Not that I completely disagree, but your post is really, really elitist. Not everybody can afford to take a month off from work and fly to Africa just because they want to snap a pic of a lion. Besides, I'd rather not see wild places like Africa and Siberia turn into Disneyland for every wannabe wildlife photographer.

Ehhh, actually my thought was quite the opposite of elitist. I would be hard pressed to afford to pay for a trip just for a safari, so if I did, then I would want to practice up a bit with wildlife photography before going, since it would be a once in a lifetime thing most likely. Anyway, carry on...




  
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junipa
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Sep 16, 2010 01:52 |  #52

My family and I are going to the zoo next month, for the first time in about 30 years. Maybe longer. I hadn't really thought about which lens/es to take, so this thread interests me enormously. At this point, I think I'll take the 17-55, to capture photos of the humans, and the 70-300 for the animals.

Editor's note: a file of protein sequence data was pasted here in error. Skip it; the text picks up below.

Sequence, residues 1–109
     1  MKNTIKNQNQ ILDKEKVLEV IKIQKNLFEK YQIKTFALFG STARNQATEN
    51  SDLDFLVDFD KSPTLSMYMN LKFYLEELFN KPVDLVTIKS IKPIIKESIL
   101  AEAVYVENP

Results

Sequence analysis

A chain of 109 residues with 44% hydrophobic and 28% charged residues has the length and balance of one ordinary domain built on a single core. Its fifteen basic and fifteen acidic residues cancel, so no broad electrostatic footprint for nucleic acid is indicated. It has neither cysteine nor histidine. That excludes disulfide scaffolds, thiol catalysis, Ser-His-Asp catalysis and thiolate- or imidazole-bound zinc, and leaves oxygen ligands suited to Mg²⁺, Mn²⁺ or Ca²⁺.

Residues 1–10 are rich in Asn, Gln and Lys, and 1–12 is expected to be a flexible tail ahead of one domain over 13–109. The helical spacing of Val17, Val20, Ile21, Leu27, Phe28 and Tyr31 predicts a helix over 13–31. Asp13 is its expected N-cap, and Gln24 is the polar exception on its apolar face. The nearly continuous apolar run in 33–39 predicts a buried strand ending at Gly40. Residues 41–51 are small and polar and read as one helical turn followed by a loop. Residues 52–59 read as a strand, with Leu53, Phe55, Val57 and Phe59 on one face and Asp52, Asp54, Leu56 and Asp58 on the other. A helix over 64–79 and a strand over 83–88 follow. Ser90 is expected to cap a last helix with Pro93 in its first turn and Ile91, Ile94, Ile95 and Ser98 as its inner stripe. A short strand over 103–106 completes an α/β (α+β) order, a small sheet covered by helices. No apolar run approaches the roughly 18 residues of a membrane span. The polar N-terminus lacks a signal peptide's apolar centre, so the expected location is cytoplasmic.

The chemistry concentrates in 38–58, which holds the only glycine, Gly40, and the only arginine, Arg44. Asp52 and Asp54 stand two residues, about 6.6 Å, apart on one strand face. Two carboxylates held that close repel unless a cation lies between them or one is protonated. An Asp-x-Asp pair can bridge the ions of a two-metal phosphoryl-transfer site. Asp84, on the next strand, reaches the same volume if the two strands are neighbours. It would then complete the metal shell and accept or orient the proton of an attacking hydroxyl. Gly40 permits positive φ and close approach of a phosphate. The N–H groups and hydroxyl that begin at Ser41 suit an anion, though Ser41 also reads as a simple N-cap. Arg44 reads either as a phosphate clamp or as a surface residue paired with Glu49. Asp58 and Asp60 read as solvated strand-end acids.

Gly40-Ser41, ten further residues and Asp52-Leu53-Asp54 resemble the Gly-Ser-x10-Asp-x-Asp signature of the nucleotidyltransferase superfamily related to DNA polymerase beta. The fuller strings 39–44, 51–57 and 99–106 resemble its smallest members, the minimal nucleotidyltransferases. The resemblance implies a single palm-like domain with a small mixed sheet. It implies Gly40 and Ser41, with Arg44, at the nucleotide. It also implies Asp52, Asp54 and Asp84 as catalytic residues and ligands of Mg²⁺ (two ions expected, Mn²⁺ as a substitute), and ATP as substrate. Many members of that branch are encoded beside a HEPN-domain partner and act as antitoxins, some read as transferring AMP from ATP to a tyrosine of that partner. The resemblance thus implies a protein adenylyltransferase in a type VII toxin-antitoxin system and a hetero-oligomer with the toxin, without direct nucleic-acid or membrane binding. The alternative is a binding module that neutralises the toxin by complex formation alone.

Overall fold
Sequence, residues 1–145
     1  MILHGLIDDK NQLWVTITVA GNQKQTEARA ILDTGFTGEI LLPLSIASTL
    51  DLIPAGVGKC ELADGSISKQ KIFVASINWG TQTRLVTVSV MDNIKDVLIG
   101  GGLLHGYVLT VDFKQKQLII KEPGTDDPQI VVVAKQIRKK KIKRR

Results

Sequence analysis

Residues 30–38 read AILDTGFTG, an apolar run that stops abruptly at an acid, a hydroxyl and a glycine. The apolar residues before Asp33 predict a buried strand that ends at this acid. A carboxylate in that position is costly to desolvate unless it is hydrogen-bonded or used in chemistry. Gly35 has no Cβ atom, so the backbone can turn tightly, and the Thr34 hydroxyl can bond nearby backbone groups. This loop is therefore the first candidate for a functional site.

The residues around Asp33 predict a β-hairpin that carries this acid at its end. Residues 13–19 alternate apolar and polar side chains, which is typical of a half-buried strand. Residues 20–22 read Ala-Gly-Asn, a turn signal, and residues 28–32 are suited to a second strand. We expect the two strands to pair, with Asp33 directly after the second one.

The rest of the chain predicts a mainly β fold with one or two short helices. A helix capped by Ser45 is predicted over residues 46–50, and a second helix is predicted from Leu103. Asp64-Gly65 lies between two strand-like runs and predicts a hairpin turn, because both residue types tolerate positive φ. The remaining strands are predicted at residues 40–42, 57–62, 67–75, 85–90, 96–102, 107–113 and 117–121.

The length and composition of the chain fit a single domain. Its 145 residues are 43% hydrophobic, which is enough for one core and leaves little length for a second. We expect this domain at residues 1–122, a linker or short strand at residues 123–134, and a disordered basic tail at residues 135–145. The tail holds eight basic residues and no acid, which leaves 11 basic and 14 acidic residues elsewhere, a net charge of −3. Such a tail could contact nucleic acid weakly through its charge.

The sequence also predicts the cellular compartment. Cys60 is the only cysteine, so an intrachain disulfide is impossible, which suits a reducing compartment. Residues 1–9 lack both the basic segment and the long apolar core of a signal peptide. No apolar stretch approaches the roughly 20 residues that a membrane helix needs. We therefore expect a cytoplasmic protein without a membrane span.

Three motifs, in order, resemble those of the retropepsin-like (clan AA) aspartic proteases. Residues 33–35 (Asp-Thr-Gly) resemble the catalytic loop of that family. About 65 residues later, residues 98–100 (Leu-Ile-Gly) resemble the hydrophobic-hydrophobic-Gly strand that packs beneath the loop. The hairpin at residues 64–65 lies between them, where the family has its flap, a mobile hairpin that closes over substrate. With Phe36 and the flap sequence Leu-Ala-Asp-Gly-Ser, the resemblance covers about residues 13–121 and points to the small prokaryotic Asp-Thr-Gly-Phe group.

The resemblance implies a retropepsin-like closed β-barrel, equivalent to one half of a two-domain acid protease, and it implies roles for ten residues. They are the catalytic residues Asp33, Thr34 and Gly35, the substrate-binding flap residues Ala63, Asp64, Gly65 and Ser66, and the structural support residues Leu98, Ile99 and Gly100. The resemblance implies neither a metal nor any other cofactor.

Whatever I take, I hope the photos will be better than those taken by my old Olympus Trip 35.


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Sep 16, 2010 20:42 as a reply to  @ junipa's post |  #53

20 years now just about every time a camera has went anywhere with me I've had from the widest I've owned to the longest. Currently that's 10-400, one body, five lenses, and one flash. You just get used to taking it.


7D MKII ■ 10-22 ■ 15-85 ■ 28-135 ■ Σ 50-150 ■ 70-200 f4L ■ 100-400L ■ 580EX II
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EOS ­ mE
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Sep 17, 2010 00:43 |  #54

Daniel Browning wrote in post #10917649 (external link)
Yeah, at 1.7 pounds (760 g) the 70-200 f/4 L IS is a bit too heavy for some folks. After all, it weighs almost as much as a bottle of water, and to make matters worse you have to lift it all the way up to eye-level. Makes you feel sorry for all those poor videographers. Their gear often weighs 15-30 pounds.

heck.. i tried handholding my 5DII gripped with my 70-200L f2.8 IS and video the Shamu show at seaworld.. and man.. after 2 mins of it.. that was enough for me. ended up leaning it against a railing to record more.